Time

I was recently told the reason why as you get older, each year feels like it goes by faster than the year before.  It’s a depressing thought; but it’s one worth sharing.

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My 32nd birthday dinner with my family.

As you get older, each year is a smaller and smaller fraction of your life.  When you turn 1, that year is your whole life.  When you turn 10, each year is 1/10 of your life.  When you turn 20, each year is 1/20 of your life.  When you’re my age, each year is 1/32 of your life.

If each year is a smaller fraction of your life, then each moment counts more and should be filled in a more fulfilling way.

Instead, I find my time slipping away and I find myself losing whole days.  Last Sunday, for example, I settled down at home at 6 pm and had no clue where the day went after leaving my house at 10 am (piano lesson with my sister, tutored, Costco, nail salon, grocery store, home to walk Finn, picked up takeout with Finn, home for the day).  I hated that even though I completed tasks that needed completing and I could recap the day, I still felt like I lost the day.

Part of my absence has been because of this feeling of losing time.  Besides working a full-time job (that had me on the road for more of February than I was home), I tutor two eighth-grade algebra students, I am part of MJE’s Fellowship Program, I take piano lessons, I WOD, I observe Shabbat and the Jewish holidays, I spend time with friends, and I’m a mom to Finn, among other things I can’t even think of right now.

Every January I set goals for myself for the year.  Even though I didn’t share it publicly, my goal for 2017 was (is?) to make more time for myself.  There were times it worked (few and far between) and times it didn’t (most of the time).  So I need to ask myself three questions and identify their answers:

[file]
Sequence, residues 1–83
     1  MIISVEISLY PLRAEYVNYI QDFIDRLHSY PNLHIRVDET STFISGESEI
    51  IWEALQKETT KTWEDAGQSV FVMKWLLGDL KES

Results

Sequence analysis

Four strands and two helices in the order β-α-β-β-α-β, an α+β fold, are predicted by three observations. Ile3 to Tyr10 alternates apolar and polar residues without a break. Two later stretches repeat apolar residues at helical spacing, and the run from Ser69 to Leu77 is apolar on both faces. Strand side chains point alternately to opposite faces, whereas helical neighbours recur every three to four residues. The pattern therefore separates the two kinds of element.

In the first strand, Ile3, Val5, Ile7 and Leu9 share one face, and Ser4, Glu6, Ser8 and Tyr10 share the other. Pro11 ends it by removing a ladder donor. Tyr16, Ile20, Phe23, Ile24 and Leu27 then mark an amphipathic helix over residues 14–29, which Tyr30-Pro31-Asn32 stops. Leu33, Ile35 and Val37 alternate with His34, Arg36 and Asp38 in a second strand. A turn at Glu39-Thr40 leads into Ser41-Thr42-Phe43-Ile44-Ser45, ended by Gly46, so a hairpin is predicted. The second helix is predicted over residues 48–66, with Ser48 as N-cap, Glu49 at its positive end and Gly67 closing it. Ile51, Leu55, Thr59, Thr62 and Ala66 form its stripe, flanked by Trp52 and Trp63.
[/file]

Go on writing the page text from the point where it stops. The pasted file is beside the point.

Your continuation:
1. What activities are the nonnegotiables?
    • Work and work-related travel
    • Tutoring
    • Fellowship activities (Tuesday night’s video conferencing parsha class, Wednesday night’s studying, monthly seminars, other attendance-required classes/events at MJE)
    • Finn’s walks and meals
  2. What are the activities that I do for me?
    • CrossFit WODs
    • Personal training with Trainer J
    • Sessions with a chiropractor on a regular basis to deal with my shoulders, rotator cuffs, back, and hips
    • Cook/meal prep-ish
    • Read
    • Play the piano
    • Write
    • Spend time with friends
  3. What can I do to create more time for me?
    • Audit each day to identify how I spend my time
    • Schedule the open times on an hourly or half-hourly calendar so they’re not wasted even if it means putting down “clear my head”

Now that I sort of have an outline and know what I need to do, my next step is to find the calendar that I’ll be motivated to use and begin the process.

Tell me, dear Fitters, do you find yourself losing time?  How do you get it back?  Can you suggest a calendar?  Let me know in the comments.  Until next time…

2 thoughts on “Time

  1. Phaedrus says:

    I find TV to be the time-killer. Every time I find myself watching anything, I have to see what value it adds and balance that against what I could be doing. The days where I just need to “veg” are the ones I’ll try to find anything else to do lest I start binge watching something.
    As time goes on, days are lost. “Carpe Diem” tends to get misinterpreted as an excuse to live as if tomorrow may not come, but that was not the original intention. “Carpe diem, quam minimum credula postero” (seize the day, trust tomorrow as little as you may) is meant to tell us to put everything we can into today to make tomorrow better. Leave nothing to chance, as it were. You fill your days and work hard on many things for many people, I hope you find time to better your own tomorrow as well.

    Like

    • My biggest time suck is my cell phone. I have two games I’m hooked on and Instagram is a rabbit hole. I DVR the TV shows/series I want to watch and usually only turn the TV on when I’m ready to go to bed. It gets turned on for “vegging”, too, though. I greatly appreciate the “Carpe Diem” message and thank you for sharing it. Thank you for your other kind words; you brought a tear to my eye. 🙂 Wishing you wonderful days.

      Like

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